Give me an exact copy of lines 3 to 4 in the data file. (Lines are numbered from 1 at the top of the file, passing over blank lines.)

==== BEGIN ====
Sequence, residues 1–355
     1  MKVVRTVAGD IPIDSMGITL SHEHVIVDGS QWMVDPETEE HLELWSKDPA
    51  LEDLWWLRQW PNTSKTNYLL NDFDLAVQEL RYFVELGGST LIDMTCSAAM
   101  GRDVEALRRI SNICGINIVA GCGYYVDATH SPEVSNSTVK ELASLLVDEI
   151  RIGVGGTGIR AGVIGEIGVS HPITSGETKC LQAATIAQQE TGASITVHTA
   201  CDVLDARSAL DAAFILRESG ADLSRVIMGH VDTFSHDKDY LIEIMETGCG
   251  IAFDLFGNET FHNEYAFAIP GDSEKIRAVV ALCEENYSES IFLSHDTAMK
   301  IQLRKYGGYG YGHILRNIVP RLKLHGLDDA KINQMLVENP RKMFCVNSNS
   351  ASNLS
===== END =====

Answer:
    51  LEDLWWLRQW PNTSKTNYLL NDFDLAVQEL RYFVELGGST LIDMTCSAAM
   101  GRDVEALRRI SNICGINIVA GCGYYVDATH SPEVSNSTVK ELASLLVDEI